Startups and small businesses sometimes come across the challenge of coming face to face with a large competitor and are flummoxed on how to handle this challenge.
Just look at the domain in which corporations like Salesforce, Workday, Freshdesk, and Zoho started. They all had competition from big corporations. Siebel was a large player in the CRM domain when Salesforce entered the market. Peoplesoft had market leadership when Workday started etc. But what made them successful?
HOW DID THEY DO IT
Identify the gap
There were no major cloud CRM providers in the market when Salesforce entered this arena. Large CRM implementation used to cost millions of dollars with no visibility on the ROI. By adopting a pay-as-you-go model Salesforce was able to disrupt the market.
Instead of taking a big bang approach to deployment, these corporations started small offering their initial customer base limited functionality free of cost for limited use. By targeting business stakeholders they were able to bypass the traditional buying cycle and were able to interface with the end stakeholders directly.
Be an early mover
The startup mantra of fail fast was adopted by many of these corporations they built a proof of concepts, shipped their products took market feedback, and pivoted. Remember Twitter started of as a simple texting app and Instagram founders initially used it as a platform for mobile check-ins
But what made them successful?
Be a pioneer
Appirio was one of the first companies to latch onto Salesforce and was the only player in its category to be its Global Strategic Partner.
Zoho was at one point the only competitor to Microsoft productivity solution and by keeping its engineering base in India was able to build a large solution portfolio that it was able to sell at a fraction of the cost in comparison to its competitors.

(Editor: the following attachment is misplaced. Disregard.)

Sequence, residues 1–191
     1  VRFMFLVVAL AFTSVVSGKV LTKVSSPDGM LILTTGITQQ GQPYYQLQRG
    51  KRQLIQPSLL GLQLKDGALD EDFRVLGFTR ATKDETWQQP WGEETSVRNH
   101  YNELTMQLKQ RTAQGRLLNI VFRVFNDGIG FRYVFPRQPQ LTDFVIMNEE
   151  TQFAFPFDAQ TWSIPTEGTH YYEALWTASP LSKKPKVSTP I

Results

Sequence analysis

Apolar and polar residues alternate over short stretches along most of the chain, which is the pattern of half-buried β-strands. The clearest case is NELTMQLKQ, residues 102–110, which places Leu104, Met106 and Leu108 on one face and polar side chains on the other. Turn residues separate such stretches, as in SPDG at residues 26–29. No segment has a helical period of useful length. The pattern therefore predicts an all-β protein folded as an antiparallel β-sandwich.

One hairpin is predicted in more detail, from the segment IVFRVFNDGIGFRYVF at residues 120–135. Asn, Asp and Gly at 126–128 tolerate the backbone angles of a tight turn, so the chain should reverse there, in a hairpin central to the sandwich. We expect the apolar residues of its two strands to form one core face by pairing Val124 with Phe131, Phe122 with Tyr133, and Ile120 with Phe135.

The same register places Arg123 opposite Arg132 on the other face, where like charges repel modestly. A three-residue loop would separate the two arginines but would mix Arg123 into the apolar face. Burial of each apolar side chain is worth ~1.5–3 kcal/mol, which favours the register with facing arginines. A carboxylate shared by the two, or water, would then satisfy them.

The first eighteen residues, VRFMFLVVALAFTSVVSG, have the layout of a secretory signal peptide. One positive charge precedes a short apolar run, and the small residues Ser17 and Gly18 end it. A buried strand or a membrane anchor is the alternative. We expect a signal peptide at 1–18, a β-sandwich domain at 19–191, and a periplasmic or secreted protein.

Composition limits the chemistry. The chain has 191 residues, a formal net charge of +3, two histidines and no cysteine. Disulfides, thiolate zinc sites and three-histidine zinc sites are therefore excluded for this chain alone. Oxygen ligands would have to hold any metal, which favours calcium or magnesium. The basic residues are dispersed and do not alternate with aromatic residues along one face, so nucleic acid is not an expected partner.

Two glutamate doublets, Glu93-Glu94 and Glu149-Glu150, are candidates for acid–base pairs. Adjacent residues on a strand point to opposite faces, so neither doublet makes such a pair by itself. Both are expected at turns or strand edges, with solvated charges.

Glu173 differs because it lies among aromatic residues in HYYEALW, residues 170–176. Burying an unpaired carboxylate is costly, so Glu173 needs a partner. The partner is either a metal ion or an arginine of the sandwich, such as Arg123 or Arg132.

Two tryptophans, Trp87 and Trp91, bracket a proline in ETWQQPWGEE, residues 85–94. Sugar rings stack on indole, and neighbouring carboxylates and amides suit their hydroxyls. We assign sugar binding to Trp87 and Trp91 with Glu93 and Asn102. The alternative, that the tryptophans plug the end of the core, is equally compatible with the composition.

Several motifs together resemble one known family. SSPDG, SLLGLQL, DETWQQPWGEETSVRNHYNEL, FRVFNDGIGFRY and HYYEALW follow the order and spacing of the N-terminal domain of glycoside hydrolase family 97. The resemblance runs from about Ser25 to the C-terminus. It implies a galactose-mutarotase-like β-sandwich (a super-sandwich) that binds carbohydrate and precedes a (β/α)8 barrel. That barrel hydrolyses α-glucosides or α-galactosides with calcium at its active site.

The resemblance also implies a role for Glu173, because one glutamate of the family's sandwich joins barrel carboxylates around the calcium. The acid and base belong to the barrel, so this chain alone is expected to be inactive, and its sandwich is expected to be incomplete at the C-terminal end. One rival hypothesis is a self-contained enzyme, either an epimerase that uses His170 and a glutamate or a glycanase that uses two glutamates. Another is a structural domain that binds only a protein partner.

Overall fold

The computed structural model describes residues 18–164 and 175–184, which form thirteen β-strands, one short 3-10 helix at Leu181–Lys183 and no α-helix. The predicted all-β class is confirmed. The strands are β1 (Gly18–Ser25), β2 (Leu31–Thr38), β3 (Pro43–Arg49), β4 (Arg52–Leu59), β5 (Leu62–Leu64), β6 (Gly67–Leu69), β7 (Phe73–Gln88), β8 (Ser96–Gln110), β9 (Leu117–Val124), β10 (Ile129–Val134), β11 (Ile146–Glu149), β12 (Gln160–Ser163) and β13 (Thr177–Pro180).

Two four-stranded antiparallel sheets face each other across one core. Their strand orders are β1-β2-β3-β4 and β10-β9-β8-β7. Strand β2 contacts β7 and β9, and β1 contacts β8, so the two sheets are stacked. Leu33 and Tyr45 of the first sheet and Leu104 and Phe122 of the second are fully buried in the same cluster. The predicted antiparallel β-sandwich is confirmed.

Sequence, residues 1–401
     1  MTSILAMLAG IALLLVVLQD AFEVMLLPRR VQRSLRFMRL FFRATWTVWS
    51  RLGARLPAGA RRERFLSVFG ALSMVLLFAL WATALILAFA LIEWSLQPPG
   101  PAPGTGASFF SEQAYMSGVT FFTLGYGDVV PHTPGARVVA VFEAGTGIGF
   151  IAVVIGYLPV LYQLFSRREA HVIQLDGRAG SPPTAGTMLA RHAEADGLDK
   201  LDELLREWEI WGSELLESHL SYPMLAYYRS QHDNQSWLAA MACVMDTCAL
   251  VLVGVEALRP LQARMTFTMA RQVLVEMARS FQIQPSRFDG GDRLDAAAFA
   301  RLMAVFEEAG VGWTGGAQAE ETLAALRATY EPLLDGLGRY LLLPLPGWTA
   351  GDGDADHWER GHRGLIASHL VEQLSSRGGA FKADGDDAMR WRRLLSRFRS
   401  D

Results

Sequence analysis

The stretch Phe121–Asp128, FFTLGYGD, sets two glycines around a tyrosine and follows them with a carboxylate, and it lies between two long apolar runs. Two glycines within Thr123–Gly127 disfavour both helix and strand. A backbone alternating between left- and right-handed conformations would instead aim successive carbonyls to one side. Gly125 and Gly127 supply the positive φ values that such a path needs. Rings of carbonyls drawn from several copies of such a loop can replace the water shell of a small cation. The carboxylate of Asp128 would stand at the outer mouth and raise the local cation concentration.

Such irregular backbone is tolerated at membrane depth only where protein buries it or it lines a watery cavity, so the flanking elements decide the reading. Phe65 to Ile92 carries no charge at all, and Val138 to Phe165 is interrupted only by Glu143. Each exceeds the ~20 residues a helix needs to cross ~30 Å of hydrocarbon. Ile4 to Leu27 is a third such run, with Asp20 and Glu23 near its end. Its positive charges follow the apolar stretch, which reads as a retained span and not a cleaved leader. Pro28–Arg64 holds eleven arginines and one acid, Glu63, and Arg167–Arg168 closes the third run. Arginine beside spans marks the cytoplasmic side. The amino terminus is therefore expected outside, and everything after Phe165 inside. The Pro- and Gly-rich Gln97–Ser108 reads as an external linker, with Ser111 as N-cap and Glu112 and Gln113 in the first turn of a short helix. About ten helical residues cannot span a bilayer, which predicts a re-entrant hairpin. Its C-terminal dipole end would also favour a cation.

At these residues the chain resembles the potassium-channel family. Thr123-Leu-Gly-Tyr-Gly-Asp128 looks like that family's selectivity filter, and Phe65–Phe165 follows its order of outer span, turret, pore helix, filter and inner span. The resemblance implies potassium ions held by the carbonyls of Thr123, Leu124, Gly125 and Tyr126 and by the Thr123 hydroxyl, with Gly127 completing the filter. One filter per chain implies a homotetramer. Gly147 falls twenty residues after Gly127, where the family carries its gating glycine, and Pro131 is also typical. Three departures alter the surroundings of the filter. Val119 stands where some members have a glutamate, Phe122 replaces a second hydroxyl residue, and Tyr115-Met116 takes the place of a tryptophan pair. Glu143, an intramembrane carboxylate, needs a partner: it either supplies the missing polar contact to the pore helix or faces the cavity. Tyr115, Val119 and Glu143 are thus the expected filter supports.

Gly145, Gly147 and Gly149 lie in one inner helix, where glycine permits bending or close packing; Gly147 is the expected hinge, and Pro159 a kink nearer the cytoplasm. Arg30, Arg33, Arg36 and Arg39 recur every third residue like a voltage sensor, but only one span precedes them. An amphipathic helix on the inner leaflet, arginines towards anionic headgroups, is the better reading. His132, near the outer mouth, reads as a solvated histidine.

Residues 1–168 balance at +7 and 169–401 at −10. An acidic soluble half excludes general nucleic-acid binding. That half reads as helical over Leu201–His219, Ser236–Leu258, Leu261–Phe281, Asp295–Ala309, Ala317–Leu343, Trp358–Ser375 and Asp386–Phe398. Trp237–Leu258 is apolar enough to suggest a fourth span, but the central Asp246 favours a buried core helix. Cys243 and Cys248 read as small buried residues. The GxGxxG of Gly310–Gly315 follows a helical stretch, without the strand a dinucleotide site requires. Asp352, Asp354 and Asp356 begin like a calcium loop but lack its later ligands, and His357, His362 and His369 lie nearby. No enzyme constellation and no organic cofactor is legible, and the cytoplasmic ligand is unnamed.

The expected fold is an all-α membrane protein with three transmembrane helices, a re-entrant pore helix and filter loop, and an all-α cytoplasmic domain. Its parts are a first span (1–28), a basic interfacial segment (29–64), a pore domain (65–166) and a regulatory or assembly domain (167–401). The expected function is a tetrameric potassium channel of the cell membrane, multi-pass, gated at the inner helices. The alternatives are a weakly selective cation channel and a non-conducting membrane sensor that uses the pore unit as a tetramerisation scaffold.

Build world-class capability
Organizations like Thoughtworks have defined their category in Agile-driven development and have been able to portray themselves as leaders in the market even with the number of entities claiming to do so. They have been able to do it by nurturing their talent to write books, blogs, and white papers and get recognized as thought leaders in their category
Recognize and evangelize an emerging market trend Thoughtworks and Appirio are really great examples of this. Both these corporations recognized the market trend towards cloud and Agile-driven development and ensured that they had the front-of-the-mind recall when it came to these domains.
As a startup when the marketing budget is limited, a wise move can be to align with a market leader that can help you built traction in the market. Corporations like Hanu Software have built a close relationship and are enjoying market growth by being singularly focused on this domain
To Wrap Up
Going after a large market segment might seem to be the best bet, after all with a large vertical to go after what would be a chance of not being able to reach out to someone who has an interest in a corporation’s products/service. But it is not an easy task. The spray and pray approach rarely works, reach out to a large segment with a generic value proposition hoping that someone will take notice. More often than not this strategy is bound to fail.
From the above examples, we can easily see the advantages of having a focused offering with a well-defined value proposition. Instead of being just another mobile application development company how would it look if you reached out to a large consumer goods corporations with a message “Consumer-focused Mobile apps that wow your audience”
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